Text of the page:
CFP: Aging as a Feminist Concern, Jan. 21-22, 2011 Emory University School of Law

From colleagues Naomi Cahn, Nina Kohn and Martha Fineman, this call for papers:

Call for Papers: Aging as a Feminist Concern

January 21-22, 2010, Emory University School of Law

Aging is a feminist issue. The elderly, especially the oldest of the old, are disproportionately female. Among the elderly, women are more likely than their male peers to face a number of challenges, including poverty, disability and isolation. Yet, the legal academy, including feminist legal theorists, is only just beginning to pay attention to old age and its implications. This workshop will advance this agenda by bringing together a diverse group of scholars to explore the relationship between feminist theory, law and policy, and the concerns of the aging. We will focus on understanding how the relationship between age and gender can be theorized, as well as exploring how feminist legal theory can inform policy and law in the U.S. and abroad.

Feminist legal theorists are in an excellent position to advance progressive and transformative theories about aging. The form and content of the negative stereotypes older adults are frequently subjected to parallel negative stereotypes about women. Like women, the elderly (both men and women) have traditionally been cast as mentally inadequate, frail, and in need of protection by outsiders. Both age and gender – and out-dated conceptions of each – have historically been cavalierly used as convenient proxies for other, more germane, characteristics. In addition, older women face many of the same gendered inequalities of younger women in contexts ranging from domestic violence to employment discrimination. Further, the growing population of older women raises distinct issues of caretaking whether the older woman is serving as caretaker or as the care recipient.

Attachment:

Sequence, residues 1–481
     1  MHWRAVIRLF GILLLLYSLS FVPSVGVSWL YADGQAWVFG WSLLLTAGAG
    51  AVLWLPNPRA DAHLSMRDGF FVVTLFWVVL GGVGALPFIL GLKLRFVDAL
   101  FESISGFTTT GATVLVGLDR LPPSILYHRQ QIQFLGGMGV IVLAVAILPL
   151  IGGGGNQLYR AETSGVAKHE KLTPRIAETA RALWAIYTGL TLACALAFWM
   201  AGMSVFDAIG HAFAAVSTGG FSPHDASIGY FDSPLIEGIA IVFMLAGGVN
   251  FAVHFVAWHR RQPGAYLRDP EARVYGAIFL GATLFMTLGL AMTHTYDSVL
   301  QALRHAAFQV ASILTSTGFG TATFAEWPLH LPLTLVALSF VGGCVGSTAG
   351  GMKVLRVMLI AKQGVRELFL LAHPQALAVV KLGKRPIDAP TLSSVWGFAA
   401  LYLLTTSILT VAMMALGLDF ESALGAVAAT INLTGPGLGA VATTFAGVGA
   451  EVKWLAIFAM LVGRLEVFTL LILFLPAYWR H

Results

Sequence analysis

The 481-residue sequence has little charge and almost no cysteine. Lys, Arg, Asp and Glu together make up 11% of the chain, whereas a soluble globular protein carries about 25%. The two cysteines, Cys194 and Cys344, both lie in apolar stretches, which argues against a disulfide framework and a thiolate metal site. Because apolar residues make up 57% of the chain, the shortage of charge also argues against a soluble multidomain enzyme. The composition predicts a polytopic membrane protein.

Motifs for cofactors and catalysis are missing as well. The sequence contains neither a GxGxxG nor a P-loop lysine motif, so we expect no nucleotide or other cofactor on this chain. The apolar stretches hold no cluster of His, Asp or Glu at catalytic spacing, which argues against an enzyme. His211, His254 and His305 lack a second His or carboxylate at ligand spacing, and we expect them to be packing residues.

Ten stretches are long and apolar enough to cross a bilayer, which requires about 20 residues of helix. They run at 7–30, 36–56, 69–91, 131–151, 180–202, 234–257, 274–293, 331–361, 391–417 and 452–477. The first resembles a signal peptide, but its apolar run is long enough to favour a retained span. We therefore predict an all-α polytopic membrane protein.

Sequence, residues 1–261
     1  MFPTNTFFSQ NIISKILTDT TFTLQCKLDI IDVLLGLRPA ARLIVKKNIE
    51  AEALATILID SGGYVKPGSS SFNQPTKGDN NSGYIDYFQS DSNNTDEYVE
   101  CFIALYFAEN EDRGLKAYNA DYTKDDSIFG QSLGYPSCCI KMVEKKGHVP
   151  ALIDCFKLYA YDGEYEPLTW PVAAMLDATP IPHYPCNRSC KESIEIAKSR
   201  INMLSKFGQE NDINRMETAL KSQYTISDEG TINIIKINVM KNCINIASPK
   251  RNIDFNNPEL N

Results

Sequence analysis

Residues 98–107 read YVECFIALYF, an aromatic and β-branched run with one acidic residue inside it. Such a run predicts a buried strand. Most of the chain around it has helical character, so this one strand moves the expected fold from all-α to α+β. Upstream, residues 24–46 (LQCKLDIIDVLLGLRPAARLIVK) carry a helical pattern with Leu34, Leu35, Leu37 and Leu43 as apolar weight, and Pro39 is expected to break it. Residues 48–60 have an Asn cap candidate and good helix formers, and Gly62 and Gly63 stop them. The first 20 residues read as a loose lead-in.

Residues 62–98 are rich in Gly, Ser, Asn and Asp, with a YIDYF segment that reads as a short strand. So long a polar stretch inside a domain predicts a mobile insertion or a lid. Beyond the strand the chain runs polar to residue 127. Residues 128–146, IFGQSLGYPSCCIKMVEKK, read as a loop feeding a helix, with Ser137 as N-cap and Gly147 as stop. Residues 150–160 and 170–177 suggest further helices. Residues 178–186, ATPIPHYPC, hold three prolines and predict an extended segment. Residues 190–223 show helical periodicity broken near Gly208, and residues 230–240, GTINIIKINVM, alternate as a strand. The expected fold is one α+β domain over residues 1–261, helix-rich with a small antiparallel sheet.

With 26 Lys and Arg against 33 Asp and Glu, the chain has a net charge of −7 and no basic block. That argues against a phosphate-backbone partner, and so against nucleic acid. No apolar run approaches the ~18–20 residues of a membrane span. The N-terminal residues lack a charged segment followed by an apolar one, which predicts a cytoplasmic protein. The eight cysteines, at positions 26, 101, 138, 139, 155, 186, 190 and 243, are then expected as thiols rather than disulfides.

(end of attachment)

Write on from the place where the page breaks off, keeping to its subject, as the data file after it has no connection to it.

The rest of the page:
Please email a paper proposal of several paragraphs length by October 1, 2010 to:,,, and

Decisions will be made by October 15, 2010.


Potential contributors are encouraged to think creatively about the relationship between aging and gender, and how feminist legal theory can be brought to bear on understanding old-age policies. To this end, possible paper topics include:

  • What characterizes a feminist approach to aging and how does this differ from other approaches?
  • How do current discourses and practices of domestic violence, family law, employment/labor law, sexuality, masculinity, and political theory engage or fail to engage with the elder population?
  • How does the law reinforce or enhance the vulnerability and marginalization of the elderly?
  • What arguments can be made for and against the proposition that the government must support caretaking and caretakers of the elderly? How do these arguments differ from those made on behalf of the caretakers of children or the disabled?
  • How should government “protect” older adults, what are the implications of such protection, and how might feminist legal theory inform and guide our understanding of protective policies?
  • How should family responsibility be structured in old-age policy?
  • What are the implications of health care reform for older adults aging?


The Workshop begins Friday at 4PM in room 575 of Emory Law School, followed by dinner in the Hunter Atrium. The Law School is located at 1301 Clifton Road, Atlanta, GA. Presentations and panels continue on Saturday from 10AM to approximately 5PM. Lunch will be provided.

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